UK: How Do We Make An Offence Of Squatting In Commercial Premises?

Last Updated: 4 July 2013
Article by Jennifer Chappell

Squatting has always been a contentious subject for discussion, whether you have been the unfortunate victim of squatters taking up residence in your house or whether you have given support to a client, colleague or friend dealing with the legal process of evicting squatters. This article looks at the current legal process and suggests legislative changes are urgently required to include commercial properties within the offence of squatting.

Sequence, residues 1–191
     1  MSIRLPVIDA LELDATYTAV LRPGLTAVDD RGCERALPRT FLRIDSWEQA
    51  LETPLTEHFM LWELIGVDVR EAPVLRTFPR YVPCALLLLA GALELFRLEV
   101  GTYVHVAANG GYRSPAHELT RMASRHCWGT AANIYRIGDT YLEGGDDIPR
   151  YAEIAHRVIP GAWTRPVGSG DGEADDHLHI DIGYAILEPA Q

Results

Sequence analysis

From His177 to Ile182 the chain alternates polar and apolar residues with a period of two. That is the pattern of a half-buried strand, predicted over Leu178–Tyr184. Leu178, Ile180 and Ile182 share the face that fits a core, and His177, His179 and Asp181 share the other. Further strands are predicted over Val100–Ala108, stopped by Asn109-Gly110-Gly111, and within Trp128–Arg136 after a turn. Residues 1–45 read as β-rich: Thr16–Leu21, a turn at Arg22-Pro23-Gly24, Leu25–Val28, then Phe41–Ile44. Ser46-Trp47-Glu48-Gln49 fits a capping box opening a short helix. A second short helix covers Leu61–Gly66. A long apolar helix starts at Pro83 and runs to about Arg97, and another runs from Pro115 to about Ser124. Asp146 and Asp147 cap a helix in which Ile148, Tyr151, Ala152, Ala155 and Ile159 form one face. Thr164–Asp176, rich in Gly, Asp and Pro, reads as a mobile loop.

The long arm of the law

The average man on the street will be aware that since autumn last year, squatting in a residential property became a criminal offence punishable by up to six months in prison and/or a fine of up to £5,000. From 1st September 2012, Section 144 of the Legal Aid, Sentencing and Punishing of Offenders Act 2012 (LASPO 2012) made squatting an offence punishable by up to six months in prison and / or a maximum fine of £5000.

The offence does not cover squatting in non-residential buildings or land, but in certain circumstances squatters who have broken into those premises or caused damage might be guilty of other offences, which will be looked at in more detail later in this article. The offence is also not retrospective for cases where the squatting has ceased. It does, however, apply to squatters who went into occupation before 1st September 2012 and remain in a residential property now.